The Good Life Homestead News

It’s been a dream of mine for awhile now to live a semi-homestead life.  This year, we are finally making it happen on a small scale.  See, we live in a city.  It’s a small city of about 25,000 people, so it’s more like a town to me, not much bigger than the one I grew up in.  We don’t own a lot of land. In fact, we live inside city limits in a small neighborhood and have just over an eighth of an acre. But I have big plans for our small piece of land.  Here is what we hope to accomplish in 2020.


We have been gardening for about a decade in 5 – 5×3.5 foot raised beds.  This year, in our attempt to preserve a years worth of certain foods, we are tripling our space and adding several more 4×4 square foot gardens.  We started our seeds indoors, although we started them late so there are a few things we will end up harvesting later than usual such as our tomatoes.

With the abundance of plants for canning, I’m having to move our herbs out of the garden and into pots.  A friend of mine had an excess of large tin cans, so those will be home to our herb garden. When we purchased herb & veggie seeds this year we were very lucky to come across a few heirlooms, so we will be saving seeds from those as well.

We never preserved any of our harvest in the past, nor did we ever plant enough to consider preserving. In fact, the only things I have canned in the past 10 years are jam, applesauce, and spaghetti sauce, and the latter two were about 10 years ago. We purchased everything we needed at the grocery store… This year, we will grow almost everything we need including some plants that are just for eating from garden to table.

  • Roma Tomatoes
  • Cherry Tomatoes
  • Slicing Tomatoes
  • Salad Cucumbers
  • Pickling Cucumbers
  • Onions
  • Green Bell Peppers
  • Colored Bell Peppers
  • Potatoes
  • Zucchini
  • Cabbage
  • Carrots
  • Broccoli
  • Cauliflower
  • Beets
  • Watermelon
  • Pumpkin
  • Lima Bean
  • Sugar Snap Peas
  • Peas
  • Green Beans
  • Lettuce
  • Corn
  • Strawberries
  • Garlic (in the fall)
  • Herbs (see below)


Canning, freezing, dehydrating, & herbs

I haven’t canned much over the past 10 years.  I did some jam a couple years ago, and a few weeks ago I canned some strawberry lemonade concentrate. I also froze a bunch of lemon juice as well.  Our local Salvation Army gets a surplus of fruits and vegetables on occasion and when they have too much to get rid of, we end up with a lot of extra. A couple weeks ago, our neighbor brought over a plethora of lemons!  Our boys made some lemonade but we still had so many and didn’t want them to go to waste when we could easily save them for future batches of lemonade.  We have enough concentrate and frozen lemon juice now to last us all summer.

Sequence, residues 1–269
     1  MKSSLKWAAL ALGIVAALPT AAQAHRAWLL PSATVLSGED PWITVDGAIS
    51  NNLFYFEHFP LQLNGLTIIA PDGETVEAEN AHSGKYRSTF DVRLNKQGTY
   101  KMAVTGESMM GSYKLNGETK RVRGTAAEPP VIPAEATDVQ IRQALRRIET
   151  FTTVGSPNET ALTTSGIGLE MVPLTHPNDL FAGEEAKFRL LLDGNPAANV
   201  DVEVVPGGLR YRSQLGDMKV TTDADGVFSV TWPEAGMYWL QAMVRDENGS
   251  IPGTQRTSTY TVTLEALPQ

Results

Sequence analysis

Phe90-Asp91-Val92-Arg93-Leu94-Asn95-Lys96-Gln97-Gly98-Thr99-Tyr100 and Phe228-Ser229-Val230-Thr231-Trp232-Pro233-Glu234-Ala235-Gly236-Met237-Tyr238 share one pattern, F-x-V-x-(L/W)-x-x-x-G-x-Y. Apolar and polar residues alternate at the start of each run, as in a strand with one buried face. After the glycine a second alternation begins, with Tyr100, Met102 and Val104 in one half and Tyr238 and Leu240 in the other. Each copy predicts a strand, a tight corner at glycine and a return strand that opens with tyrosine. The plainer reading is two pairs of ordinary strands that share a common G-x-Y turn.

We also plan to spend a day on making dry mixes to alleviate the cost of buying pre-made boxed mixes from the store. Not only will that save us a lot of cash, but it will also be much healthier. We have some storage space that I plan on turning into a dry pantry and a much larger storage area for our plethora of mason jars.

Canning & Freezing:

  • Spaghetti Sauce
  • Diced Tomatoes
  • Ketchup
  • Dill Pickles
  • Bread & Butter Pickles
  • Baked Beans (purchased beans)
  • Applesauce (purchased fruit)
  • Peaches (purchased fruit)
  • Peas (frozen)
  • Green Beans (frozen)
  • Zucchini (frozen)
  • Pickled Beets
  • Potatoes? This one is questionable and dependent on whether or not we purchase a dehydrator. It would be great to fill the pantry with instant mashed potatoes.
  • If I have time, I’d like to try my hand at making vegetable and chicken broth as well.

Herbs we will dry and turn into homemade spices:

  • Basil
  • Parsley
  • Oregano
  • Rosemary
  • Dill
  • Thyme
  • Cilantro
  • Lavendar (for soapmaking)

Dry Pantry

  • Spice mixes – hamburger helper, taco seasoning, steak seasoning, etc.
  • Baking mixes – pancakes, waffles, etc.
  • Bread mixes – cornbread, sandwich bread, etc.
  • Instant Oatmeal packs

Cooking from scratch

Well, I don’t have much patience for baking bread the old fashioned way – however I do have a bread maker that doesn’t get much use.  So this year, I vow to bake more bread.  It really saves a lot of $ in the long run.  It also cuts down on the amount of plastic bags that get tossed.  My husband and boys also really love cornbread, so I found a recipe that we all love and bought a big bag of cornmeal.  I really love baking but I despise cooking, so I’m planning on making my own “hamburger helper” spice mixes.

While we transition to cooking from scratch, I have to get my recipes in order – that could take a very long time! We will start with weekend “scratch meals” and slowly add in one day a week until we are full of quality nutritious meals.


We recently purchased 6 chickens from Bomgaars, a farm and ranch store in town.  We ended up with 2 Prairie Bluebells, 1 Amerucauna, 1 Rhode Island Red, 1 Sapphire Gem, and 1 Golden Laced Wyandotte.  These ladies will range from 4 to 6.5 lbs and produce from 240 to 290 eggs per year.  If all goes well, and they are all indeed pullets, we will end up with over 1300 eggs per year.  If we don’t use them all, we will sell or trade the excess.


I’m a crafter by nature. It’s in my blood and I’m always making something whether it is woodworking, knitting, sewing… You name it. This year I have a few things I’d like to accomplish:

  • Baked Potato microwave bags
  • Reusable “paper towels”
  • Finish my quilt
  • Farmhouse table & chairs
  • Farmhouse style hutch
  • Soap, laundry detergent, etc.
  • Small greenhouse
  • Knit wool socks (because we always need more socks!)

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